When I was a kid I used to love to look at cookie jars. I loved the width and depth of them. The squat ceramic pigs that had removable beanies for tops. The wide glass jars with the metal lids. The Winnie the Pooh honey pots that were so clearly designed for homemade chocolate chip cookies. I loved them all. I used to fantasize about coming home from school to a cookie jar full of fresh cookies that my mom had just put in there that day. That is not the life that I lived. I would come home to exactly two Chips Ahoy! straight out of the blue bag and half a cup of milk. Obviously this is no hardship, but to an 8, 9, 10, 12, 15 year old dreaming of a cookie jar, things could have been better.
It’s not that my mom didn’t know how to bake, she just couldn’t handle having the temptation of a cookie jar in the house. My mother was (is) the queen of the controlled diet, but that doesn’t mean she doesn’t love her sweets. When I was a kid and someone gave my mom a box of chocolates or some kind of sweet as a gift, she would eat the whole thing in one day so that she “wouldn’t have to worry about it tomorrow.” If it was gone in one day then the next day she could be vigilant about her diet again.
As my mom was watching her diet, she also kept a very close eye on mine. For as long as I can remember I have been scared of gaining weight. I was never an overweight child, but my mom made me believe that if I wasn’t careful about every bite that went into my mouth, I would balloon up 50 pounds. That’s why she was the one to make my lunch every day and cook dinner every night. She would put me on diets which basically consisted of salads and grilled chicken. I tried to stick to her diets, but when you tell a child, or especially a teenager, that they can’t have something, what happens? I would go to friends’ houses and eat ice cream and cupcakes, and then go home to my mom’s dinner for me. I guess I had a pretty decent metabolism because somehow I would still lose weight and when I did, my mom would get so excited. Sometimes I felt like the only way to have my mom’s complete approval was to drop 10 pounds.
After college, the only time in my life I actually needed to lose weight, I started Weight Watchers and began to change my relationship with food. I lost weight on that program, but couldn’t keep it off because I craved the validation that came from losing weight. I would lose weight and people would tell me how great I looked, and that felt amazing. Then people would stop noticing and slowly I would let the weight creep back on so that I could again experience the compliments of people noticing I was losing weight. It was yo-yo dieting for validation.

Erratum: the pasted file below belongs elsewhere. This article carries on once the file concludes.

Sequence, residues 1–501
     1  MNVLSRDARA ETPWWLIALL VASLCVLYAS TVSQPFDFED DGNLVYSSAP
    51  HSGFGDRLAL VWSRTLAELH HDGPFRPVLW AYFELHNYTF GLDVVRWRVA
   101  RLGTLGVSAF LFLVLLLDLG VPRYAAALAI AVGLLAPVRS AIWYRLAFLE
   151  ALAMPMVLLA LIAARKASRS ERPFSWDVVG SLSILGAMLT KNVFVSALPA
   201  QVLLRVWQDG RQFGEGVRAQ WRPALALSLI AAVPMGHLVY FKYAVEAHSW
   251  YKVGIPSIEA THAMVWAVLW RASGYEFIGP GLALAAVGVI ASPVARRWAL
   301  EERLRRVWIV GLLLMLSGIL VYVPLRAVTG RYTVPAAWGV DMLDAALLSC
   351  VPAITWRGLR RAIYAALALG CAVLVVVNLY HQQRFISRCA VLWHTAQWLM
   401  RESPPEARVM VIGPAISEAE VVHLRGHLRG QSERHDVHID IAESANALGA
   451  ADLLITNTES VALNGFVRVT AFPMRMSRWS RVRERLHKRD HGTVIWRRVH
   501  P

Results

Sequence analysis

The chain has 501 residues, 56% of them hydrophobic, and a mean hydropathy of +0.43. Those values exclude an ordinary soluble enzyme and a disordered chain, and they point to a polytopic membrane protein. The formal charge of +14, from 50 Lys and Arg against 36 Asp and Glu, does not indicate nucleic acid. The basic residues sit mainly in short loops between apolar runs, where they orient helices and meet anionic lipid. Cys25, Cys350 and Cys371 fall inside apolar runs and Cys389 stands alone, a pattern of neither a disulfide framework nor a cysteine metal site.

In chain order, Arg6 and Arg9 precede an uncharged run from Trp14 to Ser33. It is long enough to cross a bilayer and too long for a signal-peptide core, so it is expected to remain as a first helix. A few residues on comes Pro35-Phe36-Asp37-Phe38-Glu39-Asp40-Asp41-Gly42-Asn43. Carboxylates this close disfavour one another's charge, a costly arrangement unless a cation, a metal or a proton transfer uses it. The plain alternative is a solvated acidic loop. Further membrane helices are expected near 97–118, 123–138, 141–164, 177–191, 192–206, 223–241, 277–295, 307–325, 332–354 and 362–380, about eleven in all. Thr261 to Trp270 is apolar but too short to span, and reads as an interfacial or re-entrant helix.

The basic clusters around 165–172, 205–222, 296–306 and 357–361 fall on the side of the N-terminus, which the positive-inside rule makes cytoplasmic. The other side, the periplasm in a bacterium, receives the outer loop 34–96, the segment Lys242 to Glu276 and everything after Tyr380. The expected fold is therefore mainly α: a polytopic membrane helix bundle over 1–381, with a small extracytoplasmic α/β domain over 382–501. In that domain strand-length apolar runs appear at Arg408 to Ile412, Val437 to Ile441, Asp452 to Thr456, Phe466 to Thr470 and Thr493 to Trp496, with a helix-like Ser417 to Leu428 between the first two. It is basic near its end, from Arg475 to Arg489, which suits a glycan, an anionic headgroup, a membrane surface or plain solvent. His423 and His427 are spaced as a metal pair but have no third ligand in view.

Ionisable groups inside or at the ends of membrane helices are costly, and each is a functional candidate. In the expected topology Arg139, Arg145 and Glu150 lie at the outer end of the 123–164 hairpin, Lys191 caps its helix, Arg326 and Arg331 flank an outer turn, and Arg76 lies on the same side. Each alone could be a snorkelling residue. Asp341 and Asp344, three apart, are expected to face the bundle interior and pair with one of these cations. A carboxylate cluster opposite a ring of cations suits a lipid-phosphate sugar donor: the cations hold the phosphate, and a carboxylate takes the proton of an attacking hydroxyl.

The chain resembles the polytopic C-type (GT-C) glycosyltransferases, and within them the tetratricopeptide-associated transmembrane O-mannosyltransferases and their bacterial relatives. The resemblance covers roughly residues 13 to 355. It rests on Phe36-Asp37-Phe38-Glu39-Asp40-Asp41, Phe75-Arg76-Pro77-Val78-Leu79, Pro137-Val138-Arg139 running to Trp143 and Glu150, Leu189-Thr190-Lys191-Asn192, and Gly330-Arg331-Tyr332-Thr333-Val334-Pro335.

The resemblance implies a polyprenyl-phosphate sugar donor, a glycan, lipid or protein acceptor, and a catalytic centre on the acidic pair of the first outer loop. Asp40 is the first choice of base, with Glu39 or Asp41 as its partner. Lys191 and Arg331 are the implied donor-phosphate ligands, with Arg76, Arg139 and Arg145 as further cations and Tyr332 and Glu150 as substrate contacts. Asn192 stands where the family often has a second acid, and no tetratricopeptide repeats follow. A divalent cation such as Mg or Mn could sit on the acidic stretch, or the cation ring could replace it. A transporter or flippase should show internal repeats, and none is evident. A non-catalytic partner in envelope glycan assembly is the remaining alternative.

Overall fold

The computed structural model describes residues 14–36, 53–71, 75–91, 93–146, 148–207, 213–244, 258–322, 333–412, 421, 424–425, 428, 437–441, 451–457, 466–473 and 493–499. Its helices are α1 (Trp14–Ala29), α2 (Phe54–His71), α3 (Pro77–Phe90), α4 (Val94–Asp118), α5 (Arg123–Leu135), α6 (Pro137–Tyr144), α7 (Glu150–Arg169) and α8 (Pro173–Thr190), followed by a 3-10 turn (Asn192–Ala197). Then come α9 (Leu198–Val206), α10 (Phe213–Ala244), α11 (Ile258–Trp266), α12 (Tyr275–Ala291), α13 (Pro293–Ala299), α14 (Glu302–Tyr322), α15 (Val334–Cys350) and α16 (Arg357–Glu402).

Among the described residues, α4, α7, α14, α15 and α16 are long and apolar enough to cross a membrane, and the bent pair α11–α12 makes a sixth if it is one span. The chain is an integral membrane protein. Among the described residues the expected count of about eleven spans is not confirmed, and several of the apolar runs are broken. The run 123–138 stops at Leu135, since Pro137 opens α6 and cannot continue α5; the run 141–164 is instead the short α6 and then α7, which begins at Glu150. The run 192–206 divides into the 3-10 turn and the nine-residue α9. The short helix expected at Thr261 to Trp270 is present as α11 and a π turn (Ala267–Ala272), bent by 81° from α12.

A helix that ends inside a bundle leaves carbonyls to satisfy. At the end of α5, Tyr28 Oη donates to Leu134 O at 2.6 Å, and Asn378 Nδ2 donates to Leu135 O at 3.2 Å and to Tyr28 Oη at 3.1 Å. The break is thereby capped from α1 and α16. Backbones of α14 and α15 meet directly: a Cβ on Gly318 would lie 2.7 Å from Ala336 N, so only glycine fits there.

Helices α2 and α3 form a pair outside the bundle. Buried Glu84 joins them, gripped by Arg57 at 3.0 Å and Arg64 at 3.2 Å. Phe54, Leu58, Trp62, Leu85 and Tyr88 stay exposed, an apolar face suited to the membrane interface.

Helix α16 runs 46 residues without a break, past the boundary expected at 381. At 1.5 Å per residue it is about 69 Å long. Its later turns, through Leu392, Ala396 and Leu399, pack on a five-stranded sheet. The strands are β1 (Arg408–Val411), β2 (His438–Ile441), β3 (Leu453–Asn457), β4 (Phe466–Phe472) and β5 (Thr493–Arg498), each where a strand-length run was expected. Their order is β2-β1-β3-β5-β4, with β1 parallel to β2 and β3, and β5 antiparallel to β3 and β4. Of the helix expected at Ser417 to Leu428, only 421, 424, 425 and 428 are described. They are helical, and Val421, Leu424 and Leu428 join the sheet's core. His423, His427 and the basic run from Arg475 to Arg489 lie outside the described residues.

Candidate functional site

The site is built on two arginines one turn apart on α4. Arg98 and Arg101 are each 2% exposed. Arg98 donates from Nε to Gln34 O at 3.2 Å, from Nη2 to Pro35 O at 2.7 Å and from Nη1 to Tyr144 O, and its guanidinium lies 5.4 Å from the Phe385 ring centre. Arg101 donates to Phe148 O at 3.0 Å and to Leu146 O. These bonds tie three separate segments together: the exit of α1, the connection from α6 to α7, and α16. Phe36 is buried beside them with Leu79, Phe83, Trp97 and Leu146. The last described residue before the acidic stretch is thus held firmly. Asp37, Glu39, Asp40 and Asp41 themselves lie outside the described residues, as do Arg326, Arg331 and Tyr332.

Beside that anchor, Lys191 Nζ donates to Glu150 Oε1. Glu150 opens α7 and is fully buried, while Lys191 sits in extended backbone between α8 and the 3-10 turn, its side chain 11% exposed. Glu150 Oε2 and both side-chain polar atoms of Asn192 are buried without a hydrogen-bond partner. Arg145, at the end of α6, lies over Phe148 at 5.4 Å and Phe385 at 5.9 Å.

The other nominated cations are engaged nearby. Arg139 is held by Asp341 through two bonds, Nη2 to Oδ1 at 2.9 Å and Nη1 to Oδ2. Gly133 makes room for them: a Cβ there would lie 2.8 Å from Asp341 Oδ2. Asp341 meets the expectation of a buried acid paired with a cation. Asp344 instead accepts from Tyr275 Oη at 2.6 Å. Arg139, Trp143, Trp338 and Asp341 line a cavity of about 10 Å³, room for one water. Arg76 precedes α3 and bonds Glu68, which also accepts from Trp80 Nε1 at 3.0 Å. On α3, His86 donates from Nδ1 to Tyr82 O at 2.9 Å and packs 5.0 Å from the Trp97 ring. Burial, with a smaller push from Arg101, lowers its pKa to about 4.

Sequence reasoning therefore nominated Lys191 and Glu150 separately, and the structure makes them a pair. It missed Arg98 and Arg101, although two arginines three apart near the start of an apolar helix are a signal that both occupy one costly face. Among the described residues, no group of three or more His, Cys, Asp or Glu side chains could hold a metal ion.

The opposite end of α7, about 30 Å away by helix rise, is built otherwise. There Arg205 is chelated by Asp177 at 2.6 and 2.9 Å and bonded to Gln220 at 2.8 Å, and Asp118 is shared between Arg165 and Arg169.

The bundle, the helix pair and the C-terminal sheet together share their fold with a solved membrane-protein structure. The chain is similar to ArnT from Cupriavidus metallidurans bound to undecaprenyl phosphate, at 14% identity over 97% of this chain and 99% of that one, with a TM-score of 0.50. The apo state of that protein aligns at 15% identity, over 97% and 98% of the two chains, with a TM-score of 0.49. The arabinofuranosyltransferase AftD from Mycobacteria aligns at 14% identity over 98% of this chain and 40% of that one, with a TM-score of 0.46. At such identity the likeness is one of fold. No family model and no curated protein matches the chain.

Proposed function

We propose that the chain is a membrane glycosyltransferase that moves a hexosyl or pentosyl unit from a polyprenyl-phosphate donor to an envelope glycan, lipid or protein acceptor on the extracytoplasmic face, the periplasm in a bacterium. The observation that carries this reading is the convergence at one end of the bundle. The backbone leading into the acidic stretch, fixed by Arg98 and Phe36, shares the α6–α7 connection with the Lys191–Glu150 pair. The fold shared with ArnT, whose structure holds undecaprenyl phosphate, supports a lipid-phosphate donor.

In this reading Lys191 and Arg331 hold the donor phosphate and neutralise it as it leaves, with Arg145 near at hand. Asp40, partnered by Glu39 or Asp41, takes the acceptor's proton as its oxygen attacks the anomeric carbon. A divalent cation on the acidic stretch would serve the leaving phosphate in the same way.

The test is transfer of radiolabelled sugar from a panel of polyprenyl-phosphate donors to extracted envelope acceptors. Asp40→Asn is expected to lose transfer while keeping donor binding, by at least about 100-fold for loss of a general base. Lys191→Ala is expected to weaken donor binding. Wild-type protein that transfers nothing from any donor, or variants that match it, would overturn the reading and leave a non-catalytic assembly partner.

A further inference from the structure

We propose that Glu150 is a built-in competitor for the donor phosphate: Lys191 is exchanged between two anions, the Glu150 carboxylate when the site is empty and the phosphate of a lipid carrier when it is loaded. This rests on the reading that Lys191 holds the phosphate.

Finally, when I was 24 I managed to put a stop to my weight loss cycle by learning to cook. I started out with the recipes on the Weight Watchers website. Suddenly I could make food that I liked that tasted good. I learned how to use herbs and spices and turn a bland, grilled chicken breast over a green salad, into moroccan chicken with roasted vegetables. I started to feel in control of my food instead of food having control over me. I realized I could bake chocolate chip cookies, put them in a container, and not obsess over them. Nothing was off limits. I knew that if I did eat the entire container of cookies (or the bowl of dough…) that I would feel sick afterwards, and that would not feel good. By taking the restrictions off of my food, I started to enjoy it and respect it more. On top of that, I discovered a new passion for cooking.
I love my cookie jar now. It’s not really the jar that I dreamed of, just an oxo container with a vacuum sealed pop-top lid that keeps the cookies fresher longer (since I’m not eating them in one sitting!). I look forward to the day when I have kids of my own and they come home from school and can expect to have freshly made cookies in the house. They’ll get excited to push down on the pop top and spring the lid open, reach in and grab their cookies (“Why don’t you start with 2 and come back if you’re hungry?”). I can’t wait to teach them how to cook and appreciate food. They’ll never have to dream of a cookie jar, one will be within their reach.